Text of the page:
In the weeks since the Taliban’s theocratic terrorists returned to power in Kabul, the people of Afghanistan, particularly its women and girls, have been subjected to unimaginable suffering as the world’s attention turns to other issues. But many other countries, and especially India, have reason to worry. The Taliban’s victory, following 20 years of unsuccessful American-led “nation-building” efforts in Afghanistan, will not only greatly embolden their fellow jihadists, but will also shake up the region’s geopolitics. For evidence of the destabilising impact of Kabul’s fall, just look at the reactions of Afghanistan’s neighbours.
Pakistani Prime Minister Imran Khan’s response – notably his statement that the Taliban’s return to power was akin to throwing off “the shackles of slavery” – highlights what was already known: Taliban-run Afghanistan will be a creature of Pakistan. When the Taliban ruled the country from 1996 to 2001, their “Islamic Emirate” functioned as a wholly owned subsidiary of Pakistan’s Inter-Services Intelligence agency. This time, Pakistan’s control is supposedly a little less absolute, but that did not prevent ISI chief Faiz Hameed from traveling to Kabul soon after its fall to preside triumphantly over the formation of the new Taliban government.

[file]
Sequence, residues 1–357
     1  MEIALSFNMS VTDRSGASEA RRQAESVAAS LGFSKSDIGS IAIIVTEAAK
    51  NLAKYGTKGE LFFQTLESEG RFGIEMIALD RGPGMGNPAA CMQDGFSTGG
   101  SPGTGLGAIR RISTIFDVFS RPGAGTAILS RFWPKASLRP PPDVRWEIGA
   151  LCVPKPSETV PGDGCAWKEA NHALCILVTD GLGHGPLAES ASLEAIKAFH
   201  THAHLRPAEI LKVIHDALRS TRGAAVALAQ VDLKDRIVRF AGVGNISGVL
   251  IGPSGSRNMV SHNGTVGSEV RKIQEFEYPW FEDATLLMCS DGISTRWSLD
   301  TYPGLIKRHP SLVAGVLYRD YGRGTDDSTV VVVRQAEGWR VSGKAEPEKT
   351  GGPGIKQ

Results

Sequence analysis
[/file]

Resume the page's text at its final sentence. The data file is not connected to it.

Less overtly but arguably more importantly, China has been working to make the best of a delicate situation. The Chinese have invested $62 billion in the China-Pakistan Economic Corridor (CPEC), the single largest project of its transnational Belt and Road Initiative, and are anxious that Taliban extremists do not jeopardise it. Significantly, Foreign Minister Wang Yi formally received a Taliban delegation in July. With economic and strategic gains ripe for the taking, China has announced that it will do business with the Taliban. It is seeking to tap Afghanistan’s considerable underexploited mineral resources, especially rare earths, and reopen the Mes Aynak copper mine. There is even talk of extending the CPEC to Afghanistan. The warm overtures appear to be mutual, with Mullah Abdul Ghani Baradar, Afghanistan’s new first deputy prime minister, calling China a “trustworthy friend,” despite its systematic persecution of its own minority Muslim population. China’s priority vis-à-vis Afghanistan is to ensure that the Taliban offer neither support nor refuge to Uyghur dissidents from Xinjiang, and do nothing to disturb the functioning of the CPEC. With the Taliban government desperately in need of patronage – 80% of the previous Afghan government’s $5.5 billion budget was financed by external assistance – China seems ideally suited to fill the breach.
These regional dynamics, with Pakistan and China becoming increasingly close, should be of enormous concern to Indian policymakers. Pakistan is a long-term adversary that has actively funded and fomented armed militancy against India, hosting (among others) the organisers of the murderous 2008 Mumbai terror attacks. China, meanwhile, is a systemic rival to India and poses economic, military, and strategic threats. Any Afghanistan-Pakistan-China axis involving policy coordination is a major risk for India.